Lindholtz anticipates work on the first phase to continue for another 18-20 months, with SJ shifting to developing new customer touch points in 2021. This phase is expected to take a further two years with the shift to a new business model expected in 2023.

“It is too early to say what this might look like,” Lindholtz says. “It is something that is likely to accumulate the usable data we have and use it in an innovative way to build the offer and exactly how we sell our core product.”

Inevitably SJ is engaging with new tech companies to access many of the digital technologies and processes that it is deploying in Wave 1. This includes Vobling to develop the VR platform for staff training and Avo Consulting on RPA applications. SJ is also engaged with the Epicentre accelerator in Stockholm both as a means to keep in touch with the start-up community and to offer a fresh perspective on work for SJ staff. “We have built a train carriage there where participants can sit and work and have access to our people,” Lindholtz says. “We aren’t currently engaged in any joint operations with any of the start-ups there, but when we get to customer touchpoints, we expect to do more.”

Internal resources

While it is relying on the tech sector to deliver new technologies, and PWC helped SJ to get the digital transformation process up and running, the initiative is now drawing entirely on internal resources.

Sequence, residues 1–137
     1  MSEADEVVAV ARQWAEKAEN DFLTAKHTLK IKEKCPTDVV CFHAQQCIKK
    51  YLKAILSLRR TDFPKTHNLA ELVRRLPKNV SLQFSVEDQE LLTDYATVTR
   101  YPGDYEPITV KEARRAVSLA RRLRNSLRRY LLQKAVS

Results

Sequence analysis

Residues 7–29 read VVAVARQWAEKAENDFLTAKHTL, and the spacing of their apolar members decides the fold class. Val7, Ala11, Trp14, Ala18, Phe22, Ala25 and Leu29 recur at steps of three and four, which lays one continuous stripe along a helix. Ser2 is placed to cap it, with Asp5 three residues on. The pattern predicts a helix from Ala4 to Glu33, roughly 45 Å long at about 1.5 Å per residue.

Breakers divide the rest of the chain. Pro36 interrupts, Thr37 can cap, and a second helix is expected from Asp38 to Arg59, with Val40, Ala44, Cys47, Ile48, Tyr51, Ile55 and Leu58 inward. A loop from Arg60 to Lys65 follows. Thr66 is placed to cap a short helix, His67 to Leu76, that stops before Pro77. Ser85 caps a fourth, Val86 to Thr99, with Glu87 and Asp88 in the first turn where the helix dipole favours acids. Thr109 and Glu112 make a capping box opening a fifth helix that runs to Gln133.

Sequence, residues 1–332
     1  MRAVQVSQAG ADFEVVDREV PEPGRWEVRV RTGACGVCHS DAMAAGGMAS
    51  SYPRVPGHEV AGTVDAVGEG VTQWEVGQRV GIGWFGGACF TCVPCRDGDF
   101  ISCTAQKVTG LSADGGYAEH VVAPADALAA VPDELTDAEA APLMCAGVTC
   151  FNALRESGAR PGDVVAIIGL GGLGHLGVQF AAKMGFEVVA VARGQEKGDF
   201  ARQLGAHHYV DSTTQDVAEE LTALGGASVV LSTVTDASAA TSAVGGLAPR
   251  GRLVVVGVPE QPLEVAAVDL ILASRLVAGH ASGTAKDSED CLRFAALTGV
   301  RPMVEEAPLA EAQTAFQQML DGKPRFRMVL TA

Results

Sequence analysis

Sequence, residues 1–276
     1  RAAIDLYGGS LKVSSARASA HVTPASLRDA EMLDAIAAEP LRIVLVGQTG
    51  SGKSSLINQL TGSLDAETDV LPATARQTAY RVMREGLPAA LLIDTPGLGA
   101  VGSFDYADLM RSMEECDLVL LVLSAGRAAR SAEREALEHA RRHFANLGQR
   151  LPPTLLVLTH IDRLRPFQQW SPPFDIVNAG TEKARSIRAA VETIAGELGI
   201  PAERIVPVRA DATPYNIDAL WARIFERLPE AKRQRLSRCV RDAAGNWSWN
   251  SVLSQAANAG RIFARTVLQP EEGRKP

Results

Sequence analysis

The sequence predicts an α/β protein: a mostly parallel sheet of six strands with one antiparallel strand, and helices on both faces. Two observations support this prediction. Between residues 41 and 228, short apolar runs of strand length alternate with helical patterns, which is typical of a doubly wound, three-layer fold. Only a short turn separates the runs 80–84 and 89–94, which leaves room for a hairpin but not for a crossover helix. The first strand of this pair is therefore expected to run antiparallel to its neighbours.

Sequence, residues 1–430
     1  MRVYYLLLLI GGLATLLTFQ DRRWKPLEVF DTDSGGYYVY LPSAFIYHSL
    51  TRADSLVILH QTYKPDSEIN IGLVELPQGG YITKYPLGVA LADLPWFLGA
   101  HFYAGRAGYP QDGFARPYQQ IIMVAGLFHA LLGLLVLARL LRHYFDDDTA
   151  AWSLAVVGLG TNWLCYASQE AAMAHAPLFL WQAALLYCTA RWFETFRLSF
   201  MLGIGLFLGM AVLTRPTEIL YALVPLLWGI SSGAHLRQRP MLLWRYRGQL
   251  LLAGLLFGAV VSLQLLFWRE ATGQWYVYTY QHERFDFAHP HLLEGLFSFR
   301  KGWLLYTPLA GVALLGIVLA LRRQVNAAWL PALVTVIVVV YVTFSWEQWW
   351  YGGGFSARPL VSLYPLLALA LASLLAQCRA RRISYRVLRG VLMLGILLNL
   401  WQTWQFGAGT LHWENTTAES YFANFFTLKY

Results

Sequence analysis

The company does not have a conventional digital strategy with a digital office or department but considers digitalisation at the heart of everything the operator now does. The biggest proponent of the transformation according to Lindholtz is the CEO, Fritzson, which is helping to emphasise the importance of the strategy at all levels of the company.

To bridge any management knowledge gap, SJ has both recruited people from other companies and industries who have experienced similar digital transformations, and is working to upskill its existing employees. For example, SJ management have studied best practice from white papers and presentations at conferences, and met extensively with other European firms working in the automotive, insurance, media and furniture industries to learn how they are managing similar transitions.

“We put a lot of effort into getting knowledge from others,” Lindholtz says. “We believe that by doing so, it provides us with the best opportunity to learn as quickly as possible what to do and what to avoid when we are going through our own transformation.”

One of the most important lessons learned from this process according to Lindholtz is the ability to move fast and be agile; to know when to drop a certain project because it does not offer sufficient value, or when it does to proceed quickly. SJ’s management also recognised the importance of getting staff onboard and engaged as critical to digitalisation success.

As a result, SJ is investing as much in employee development as it is in new technology. Lindholtz offers the analogy of offering a person walking to a destination a new bike in order to speed up their journey. While the bike offers greater speed, it is only effective if the person knows how to ride it. If they don’t, it is likely to weigh them down and actually hinder progress.

Critical to this is embracing a bottom-up approach to development. Staff ranging from those who clean or repair trains, or work in finance and administration now engage in a 12-week training programme where they are exposed to disruptive technologies such as AI, VR, drones and 3D printing. They are then encouraged to apply these processes to reinvent their everyday work.